The answer was No.
She would have welcomed Lilith's with open arms!
Both Gwens within her: the logical, rational, mature-minded Gwen who was pragmatic and realistic, as well as the teenager she had never known; the alone and vulnerable and terrified child - screamed for her to accept.
Bartlett and Helena watched Gwen standing there unmoving, her eyes downcast and staring into the middle of the mahogany table. The tick-tock of the grandfather clock reverberated across the room like mallets striking their mind.
It had been only a minute, nothing more; but Helena wasn't known for her patience. She was never one for waiting on others, and the fact that Gwen could not decide on something so SIMPLE, so OBVIOUS, grated on her nerves tremendously.
“Could you give us some privacy, Magus Bartlett?”
The Principle nodded before making for the door. It closed with a soft click, followed by the sound of a long, drawn-out breath.
Helena turned to face her daughter, standing before her still as a statue. She surveyed her scion, measuring the worth of this fruit of her loins.
Her daughter had dark, voluminous hair neither styled nor kept sufficiently conditioned, but still tumbled from her head like an inky waterfall. Gwen's face was handsome, defined, a trait of her father's. Her brows that cried out for a plucking nonetheless arched gracefully, her un-mascaraed lashes long and thick. She had a straight, aquiline nose that was graceful and tapered, with well-formed, sculpted lips that were naturally fleshy and plump. Helena loved Gwen’s eyes - they were her own. Sometimes emerald, sometimes amber, hazel under the dim light. Gwen's countenance was fair, a little fierce for Helena’s liking, but symmetrical and pleasing to the eye, both from afar and in close inspection. Her daughter possessed a swan's neck that was long and graceful, extending from her sharp shoulder blades and ending in a shallow dimple. Gwen's shoulders were toned and a little too athletic, which would have to go, though her long arms were slender and unobtrusive. Helena's gaze fell lower and measured with dissatisfaction that her daughter would not be dazzling anyone with her unobtrusive bust, at least not without a certain amount of padded charlatanism. They were a good shape though, and there were potential in perhaps another year or two. Her eyes fell even lower to Gwen's lower limbs; these were Helena's pride and joy. Gwen had long and slender legs that made her move and walk effortless grace. They were perfect, be it her tightly formed buttocks or her rounded thighs, or her incredulously extended calves and ankles.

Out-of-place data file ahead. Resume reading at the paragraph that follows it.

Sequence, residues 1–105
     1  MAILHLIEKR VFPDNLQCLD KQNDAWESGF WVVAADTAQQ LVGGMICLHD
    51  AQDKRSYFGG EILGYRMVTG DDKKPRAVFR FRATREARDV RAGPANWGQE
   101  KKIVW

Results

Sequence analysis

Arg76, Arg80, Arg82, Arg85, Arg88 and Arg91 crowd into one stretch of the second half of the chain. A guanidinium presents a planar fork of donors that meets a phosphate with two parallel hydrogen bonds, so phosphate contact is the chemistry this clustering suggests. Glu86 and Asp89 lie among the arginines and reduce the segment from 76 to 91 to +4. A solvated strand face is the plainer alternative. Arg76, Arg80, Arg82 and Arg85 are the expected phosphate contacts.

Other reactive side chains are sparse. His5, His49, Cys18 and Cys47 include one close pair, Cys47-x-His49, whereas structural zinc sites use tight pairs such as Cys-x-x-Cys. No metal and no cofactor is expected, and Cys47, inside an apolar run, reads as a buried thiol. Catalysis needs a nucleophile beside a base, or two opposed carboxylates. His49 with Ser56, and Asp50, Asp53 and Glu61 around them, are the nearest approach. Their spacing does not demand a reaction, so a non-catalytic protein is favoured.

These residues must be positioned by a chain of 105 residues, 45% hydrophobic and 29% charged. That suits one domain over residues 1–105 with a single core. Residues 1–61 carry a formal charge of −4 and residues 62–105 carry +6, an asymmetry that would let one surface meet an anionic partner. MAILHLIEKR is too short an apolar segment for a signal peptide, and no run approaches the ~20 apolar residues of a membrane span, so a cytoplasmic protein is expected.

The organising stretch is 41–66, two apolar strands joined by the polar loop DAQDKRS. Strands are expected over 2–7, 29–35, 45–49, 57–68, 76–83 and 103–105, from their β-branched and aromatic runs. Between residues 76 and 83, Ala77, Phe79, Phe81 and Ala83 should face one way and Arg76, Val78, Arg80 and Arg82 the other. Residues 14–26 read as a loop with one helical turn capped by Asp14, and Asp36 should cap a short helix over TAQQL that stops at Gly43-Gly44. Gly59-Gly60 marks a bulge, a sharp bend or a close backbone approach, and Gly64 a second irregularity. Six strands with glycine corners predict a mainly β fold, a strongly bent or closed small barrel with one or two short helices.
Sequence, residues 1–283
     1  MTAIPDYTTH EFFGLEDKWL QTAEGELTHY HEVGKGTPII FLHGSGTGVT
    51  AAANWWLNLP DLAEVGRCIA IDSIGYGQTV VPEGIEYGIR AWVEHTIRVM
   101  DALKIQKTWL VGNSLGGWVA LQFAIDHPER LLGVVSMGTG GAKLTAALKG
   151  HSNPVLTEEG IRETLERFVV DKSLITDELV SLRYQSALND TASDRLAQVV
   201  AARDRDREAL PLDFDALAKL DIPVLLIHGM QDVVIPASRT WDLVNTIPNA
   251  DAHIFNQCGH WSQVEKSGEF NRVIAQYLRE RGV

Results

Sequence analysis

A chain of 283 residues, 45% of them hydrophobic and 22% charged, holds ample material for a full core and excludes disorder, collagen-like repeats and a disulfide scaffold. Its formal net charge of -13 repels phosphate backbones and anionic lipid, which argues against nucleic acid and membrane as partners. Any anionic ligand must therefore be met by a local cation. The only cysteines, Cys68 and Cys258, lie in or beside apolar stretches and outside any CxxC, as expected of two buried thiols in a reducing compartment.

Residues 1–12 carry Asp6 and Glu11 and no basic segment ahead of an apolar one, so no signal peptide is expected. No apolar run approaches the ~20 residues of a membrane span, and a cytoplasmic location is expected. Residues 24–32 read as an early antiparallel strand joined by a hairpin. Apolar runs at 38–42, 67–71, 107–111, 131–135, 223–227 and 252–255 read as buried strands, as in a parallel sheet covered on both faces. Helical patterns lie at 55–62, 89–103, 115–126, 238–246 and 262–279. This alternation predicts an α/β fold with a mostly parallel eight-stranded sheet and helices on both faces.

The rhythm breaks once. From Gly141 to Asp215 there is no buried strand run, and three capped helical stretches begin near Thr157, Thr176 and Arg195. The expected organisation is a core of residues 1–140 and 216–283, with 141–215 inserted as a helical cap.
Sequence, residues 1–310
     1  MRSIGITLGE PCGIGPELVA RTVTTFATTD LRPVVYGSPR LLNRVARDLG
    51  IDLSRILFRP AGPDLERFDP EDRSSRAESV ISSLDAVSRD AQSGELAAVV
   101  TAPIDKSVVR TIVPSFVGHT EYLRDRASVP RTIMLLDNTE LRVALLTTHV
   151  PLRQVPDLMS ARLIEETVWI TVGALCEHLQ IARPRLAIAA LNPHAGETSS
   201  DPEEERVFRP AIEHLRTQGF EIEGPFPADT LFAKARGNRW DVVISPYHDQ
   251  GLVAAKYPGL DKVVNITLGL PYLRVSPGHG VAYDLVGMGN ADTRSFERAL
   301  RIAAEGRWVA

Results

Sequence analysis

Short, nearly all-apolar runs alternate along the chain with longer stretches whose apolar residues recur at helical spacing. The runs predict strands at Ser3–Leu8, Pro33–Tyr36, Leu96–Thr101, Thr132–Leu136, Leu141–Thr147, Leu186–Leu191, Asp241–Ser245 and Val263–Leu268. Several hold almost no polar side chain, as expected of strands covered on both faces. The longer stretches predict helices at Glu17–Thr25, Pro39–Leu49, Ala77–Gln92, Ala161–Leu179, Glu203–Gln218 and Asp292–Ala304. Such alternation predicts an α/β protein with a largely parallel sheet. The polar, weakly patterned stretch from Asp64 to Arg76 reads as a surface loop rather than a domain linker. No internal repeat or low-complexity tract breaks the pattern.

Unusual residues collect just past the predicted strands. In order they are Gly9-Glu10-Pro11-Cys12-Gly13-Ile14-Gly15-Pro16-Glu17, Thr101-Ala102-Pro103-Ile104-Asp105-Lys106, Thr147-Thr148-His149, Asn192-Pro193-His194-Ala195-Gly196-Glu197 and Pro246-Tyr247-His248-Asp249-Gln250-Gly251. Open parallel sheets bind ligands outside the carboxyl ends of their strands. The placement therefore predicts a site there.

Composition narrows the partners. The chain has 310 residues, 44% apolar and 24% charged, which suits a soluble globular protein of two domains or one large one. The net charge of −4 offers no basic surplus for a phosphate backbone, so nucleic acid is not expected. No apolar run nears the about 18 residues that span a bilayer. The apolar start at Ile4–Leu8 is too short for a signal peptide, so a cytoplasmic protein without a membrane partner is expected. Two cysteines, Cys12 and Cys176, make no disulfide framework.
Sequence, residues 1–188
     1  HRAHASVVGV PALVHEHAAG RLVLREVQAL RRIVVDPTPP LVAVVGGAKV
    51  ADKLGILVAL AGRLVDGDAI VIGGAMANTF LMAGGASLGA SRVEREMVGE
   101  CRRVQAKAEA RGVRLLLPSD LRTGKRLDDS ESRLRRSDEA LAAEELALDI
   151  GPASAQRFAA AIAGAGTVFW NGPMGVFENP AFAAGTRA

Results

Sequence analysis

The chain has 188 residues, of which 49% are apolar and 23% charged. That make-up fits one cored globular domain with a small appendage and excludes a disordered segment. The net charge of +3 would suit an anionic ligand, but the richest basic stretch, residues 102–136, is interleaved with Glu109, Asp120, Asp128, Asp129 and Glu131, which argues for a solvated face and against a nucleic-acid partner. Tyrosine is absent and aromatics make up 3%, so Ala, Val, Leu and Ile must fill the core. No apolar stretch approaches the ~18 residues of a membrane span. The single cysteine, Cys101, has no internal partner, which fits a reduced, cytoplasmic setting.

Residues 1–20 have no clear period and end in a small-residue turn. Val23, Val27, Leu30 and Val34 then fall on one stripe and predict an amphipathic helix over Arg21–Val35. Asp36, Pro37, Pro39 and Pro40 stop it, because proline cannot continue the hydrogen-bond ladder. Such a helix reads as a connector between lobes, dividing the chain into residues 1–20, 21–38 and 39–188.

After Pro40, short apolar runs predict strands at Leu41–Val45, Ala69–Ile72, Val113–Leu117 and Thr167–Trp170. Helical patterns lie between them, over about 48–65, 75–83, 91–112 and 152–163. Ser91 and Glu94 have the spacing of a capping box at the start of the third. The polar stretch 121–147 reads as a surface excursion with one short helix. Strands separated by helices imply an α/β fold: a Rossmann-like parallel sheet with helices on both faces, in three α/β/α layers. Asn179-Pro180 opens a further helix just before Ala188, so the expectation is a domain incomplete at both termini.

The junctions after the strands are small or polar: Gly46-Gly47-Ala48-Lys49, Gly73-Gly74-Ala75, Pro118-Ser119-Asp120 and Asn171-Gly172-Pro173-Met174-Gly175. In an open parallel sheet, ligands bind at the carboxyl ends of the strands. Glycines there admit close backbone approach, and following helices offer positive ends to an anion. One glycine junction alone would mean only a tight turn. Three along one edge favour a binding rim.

Helena smacked her lips enviously; she could scarcely summon the sympathy for her poor, foolish daughter, wasting her time here with these plebians.
Doesn’t she understand the weight of her talent, the gift of her otherworldly beauty?
The men who enrolled in these elite schools, their sons and their nephews, the Senators, the C.E.Os, and most importantly - the Magus and Magisters with their protégées, saw Lilith's as the source of their spouses.
They would go mad for a girl like her.